Video Playlist: My Top Ten Albums For 2011

Brian Eno, the man responsible
for my #1 album of 2011.
(Photo credit: aomarks.)

Maybe it was just me, but 2011 was a rather mixed bag for music. Admittedly my trying to keep up with everything in the worlds of music, movies, television and theater means that I was and am perpetually overloaded by media, but it felt like this past year was a bit stagnant creatively.

That being said, I still found enough good stuff for my list of choices for the year’s ten best CDs and songs to contribute to the annual Village Voice Pazz & Jop Poll.

Don’t get me wrong, there is always good music being created. Somehow, though, 2011 was not as stellar musically as 2010.





1. BRIAN ENO with Jon Hopkins and Leo Abrahams Small Craft On A Milk Sea — Despite the fact that he has been creating ambient music for a good 35 years, Brian Eno continues to come up with mesmerizing sounds. This crafty collection created with Jon Hopkins and Leo Abrahams ranges from the gorgeous to the gritty, and it’s one of Eno’s best.







2. CURRENT 93 Honeysuckle Aeons — David Tibet continues his unusual metaphysical journey through this trippy, medieval sounding album (with occasional Middle Eastern influences) that finds him in a more subdued mood than his last two releases. The spiritual lyrics remain as cryptic as ever, and the use of theremin and organ here is hypnotic.


Check out the song “Cuckoo” here.




3. JOURNEY Eclipse — This band seems practically bulletproof when it comes to new singers. Journey’s second album with Arnel Pineda is more rock-oriented than its predecessor, and as guitarist Neal Schon has noted, you have to dig a little deeper for the hooks. But they’re there, with plenty of emotion to spare.







4. KRISTEEN YOUNG V The Volcanic — This seven-song release from the ever energetic Ms. Young continues her tradition of dramatic, in-your-face pop-rock with distinct vocal histrionics and often bombastic piano playing. She’s undoubtedly an acquired taste, and I have acquired it.







5. URIAH HEEP Into the Wild — These long-time British rockers provide proof that classic rock musicians can do some of their best work in their later years. It’s all here: muscular riffs, passionate vox, mature lyrics and perhaps most importantly, life experience.







6. LEAVES EYES Meredead — This German ensemble (lead by Norwegian singer Liv Kristine) continue to excel as the best of the female-fronted symphonic metal groups. And their cover of Mike Oldfield’s “To France” is fantastic.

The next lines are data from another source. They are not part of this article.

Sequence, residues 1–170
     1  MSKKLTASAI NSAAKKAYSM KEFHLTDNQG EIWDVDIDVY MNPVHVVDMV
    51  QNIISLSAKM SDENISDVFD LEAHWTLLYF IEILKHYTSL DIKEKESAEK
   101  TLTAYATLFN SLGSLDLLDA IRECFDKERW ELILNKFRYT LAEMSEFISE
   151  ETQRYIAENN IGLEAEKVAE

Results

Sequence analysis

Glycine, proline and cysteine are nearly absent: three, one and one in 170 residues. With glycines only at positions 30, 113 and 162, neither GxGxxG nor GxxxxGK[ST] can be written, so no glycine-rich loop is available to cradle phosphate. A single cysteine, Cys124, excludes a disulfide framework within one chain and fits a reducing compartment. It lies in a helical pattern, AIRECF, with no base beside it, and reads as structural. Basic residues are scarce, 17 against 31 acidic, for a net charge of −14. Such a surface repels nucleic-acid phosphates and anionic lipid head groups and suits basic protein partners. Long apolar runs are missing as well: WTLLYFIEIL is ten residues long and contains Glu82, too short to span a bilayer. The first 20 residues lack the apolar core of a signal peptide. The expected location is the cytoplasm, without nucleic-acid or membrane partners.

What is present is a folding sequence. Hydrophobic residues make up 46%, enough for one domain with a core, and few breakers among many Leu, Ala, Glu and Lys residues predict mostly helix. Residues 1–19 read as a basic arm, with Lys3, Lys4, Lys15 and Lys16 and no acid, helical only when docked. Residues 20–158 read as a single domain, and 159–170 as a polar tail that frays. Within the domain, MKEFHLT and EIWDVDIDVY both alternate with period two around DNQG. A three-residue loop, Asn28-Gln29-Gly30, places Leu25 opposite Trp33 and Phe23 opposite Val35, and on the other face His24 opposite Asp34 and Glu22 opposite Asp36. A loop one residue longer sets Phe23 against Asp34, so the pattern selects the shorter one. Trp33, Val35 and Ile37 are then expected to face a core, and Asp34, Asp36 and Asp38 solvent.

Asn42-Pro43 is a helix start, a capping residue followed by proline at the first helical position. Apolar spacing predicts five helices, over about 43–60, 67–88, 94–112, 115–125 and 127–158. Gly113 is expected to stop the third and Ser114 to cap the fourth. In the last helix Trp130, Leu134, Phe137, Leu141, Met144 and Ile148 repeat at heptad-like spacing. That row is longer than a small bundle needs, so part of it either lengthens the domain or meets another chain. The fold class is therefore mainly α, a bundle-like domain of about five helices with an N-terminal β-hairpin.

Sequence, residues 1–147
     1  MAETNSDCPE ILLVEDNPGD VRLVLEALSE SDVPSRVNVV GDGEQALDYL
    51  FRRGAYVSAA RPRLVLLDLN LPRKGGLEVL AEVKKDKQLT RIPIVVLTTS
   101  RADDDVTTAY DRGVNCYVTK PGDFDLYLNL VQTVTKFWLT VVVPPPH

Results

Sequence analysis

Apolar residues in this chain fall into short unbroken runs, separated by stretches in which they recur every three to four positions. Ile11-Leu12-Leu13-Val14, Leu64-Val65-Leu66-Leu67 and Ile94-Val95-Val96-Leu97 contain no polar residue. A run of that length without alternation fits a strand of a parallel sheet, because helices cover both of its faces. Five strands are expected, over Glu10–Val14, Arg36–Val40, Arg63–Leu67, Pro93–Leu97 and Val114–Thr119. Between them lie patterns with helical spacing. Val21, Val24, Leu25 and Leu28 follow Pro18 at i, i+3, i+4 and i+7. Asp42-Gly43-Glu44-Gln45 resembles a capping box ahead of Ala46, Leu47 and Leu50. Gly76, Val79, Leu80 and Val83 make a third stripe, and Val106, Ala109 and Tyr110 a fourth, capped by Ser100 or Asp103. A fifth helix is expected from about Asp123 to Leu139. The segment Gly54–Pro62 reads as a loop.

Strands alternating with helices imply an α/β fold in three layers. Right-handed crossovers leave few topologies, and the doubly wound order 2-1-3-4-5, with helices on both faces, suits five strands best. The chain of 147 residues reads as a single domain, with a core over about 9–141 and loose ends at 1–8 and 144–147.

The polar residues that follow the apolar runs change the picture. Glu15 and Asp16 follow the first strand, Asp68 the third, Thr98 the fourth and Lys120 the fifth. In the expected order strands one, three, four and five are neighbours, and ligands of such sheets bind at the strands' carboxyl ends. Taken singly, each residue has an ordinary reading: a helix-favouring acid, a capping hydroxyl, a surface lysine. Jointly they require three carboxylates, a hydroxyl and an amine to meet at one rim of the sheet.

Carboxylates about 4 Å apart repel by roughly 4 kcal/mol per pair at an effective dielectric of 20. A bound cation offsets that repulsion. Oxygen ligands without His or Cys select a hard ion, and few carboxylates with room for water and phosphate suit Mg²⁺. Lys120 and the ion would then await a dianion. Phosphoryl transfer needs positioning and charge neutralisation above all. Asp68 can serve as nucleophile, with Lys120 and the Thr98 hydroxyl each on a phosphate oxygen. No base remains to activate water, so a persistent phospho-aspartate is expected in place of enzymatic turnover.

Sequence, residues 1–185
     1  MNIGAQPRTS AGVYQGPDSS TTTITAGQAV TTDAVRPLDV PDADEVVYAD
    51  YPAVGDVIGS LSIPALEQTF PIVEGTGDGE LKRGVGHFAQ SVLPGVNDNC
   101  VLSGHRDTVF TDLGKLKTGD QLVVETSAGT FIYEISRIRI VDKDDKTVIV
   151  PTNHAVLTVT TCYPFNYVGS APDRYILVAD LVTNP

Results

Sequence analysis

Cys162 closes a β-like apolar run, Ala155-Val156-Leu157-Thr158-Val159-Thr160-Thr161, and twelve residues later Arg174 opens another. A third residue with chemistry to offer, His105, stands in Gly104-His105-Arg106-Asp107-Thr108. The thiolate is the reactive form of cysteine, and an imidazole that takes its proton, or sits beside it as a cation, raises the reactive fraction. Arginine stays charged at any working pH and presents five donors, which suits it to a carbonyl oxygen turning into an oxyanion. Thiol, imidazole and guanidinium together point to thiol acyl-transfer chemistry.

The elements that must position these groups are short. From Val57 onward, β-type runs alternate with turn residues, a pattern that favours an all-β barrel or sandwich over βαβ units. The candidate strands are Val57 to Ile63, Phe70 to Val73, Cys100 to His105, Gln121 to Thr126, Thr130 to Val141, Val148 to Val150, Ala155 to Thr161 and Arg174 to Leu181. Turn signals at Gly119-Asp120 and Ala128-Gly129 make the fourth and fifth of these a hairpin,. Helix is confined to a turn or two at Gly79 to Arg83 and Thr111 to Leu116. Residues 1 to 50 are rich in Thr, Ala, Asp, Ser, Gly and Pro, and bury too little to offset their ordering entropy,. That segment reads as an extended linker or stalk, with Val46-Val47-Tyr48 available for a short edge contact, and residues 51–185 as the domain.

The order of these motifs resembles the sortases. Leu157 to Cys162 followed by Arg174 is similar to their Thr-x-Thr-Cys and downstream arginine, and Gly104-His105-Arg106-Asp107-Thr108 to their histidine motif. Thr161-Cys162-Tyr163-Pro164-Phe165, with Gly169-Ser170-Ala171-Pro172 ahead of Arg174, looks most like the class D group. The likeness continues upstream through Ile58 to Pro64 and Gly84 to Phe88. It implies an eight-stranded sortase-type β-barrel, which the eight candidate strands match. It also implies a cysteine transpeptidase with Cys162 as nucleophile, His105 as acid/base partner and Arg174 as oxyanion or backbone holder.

7. CHICKENFOOT III — The classic rock supergroup ensemble of Sammy Hagar, Michael Anthony, Joe Satriani and Chad Smith come into their own on their sophomore effort, serving up tasty licks with some middle aged brooding on the side. The young ‘uns should take note.







8. STEVEN WILSON Grace For Drowning — This epic double album should satiate any proghead’s desire for new Steven Wilson, trippy atmospheric rock and a modern variation on King Crimson. There are so many ideas lurking within these soundscapes that it will take many, many hours to decipher them all.







9. WHITESNAKE Forevermore — David Coverdale’s voice may be grittier than before, but he and the ‘Snake still deliver with this set of rousing blues-rock anthems and ballads. This is the group’s best album since Slide It In, hands down.







10. DURAN DURAN All You Need Is Now — The Fab Five’s third album since reuniting with their classic line-up (although guitarist Andy Taylor is gone again) is fantastic. This is fun, funky stuff that sounds like it could have come out in the mid-1980s.







2 Responses

  1. Stephen V.

    Wanna hear a wicked album from 2011? Check out the “Blue Valentine” Sountrack. Mostly Grizzly Bear stuff kinda mellow but still one of the best motion picture soundtracks I’ve ever heard and it deserved way more attention.

    Reply
  2. PiercingMetal KP

    Cool list, I can never get these down to a mere ten though. I have not heard a couple of your selections but do consider the Whitesnake and Steven Wilson as two of the best offerings that the 2011 Musical Year gave us.

    Reply

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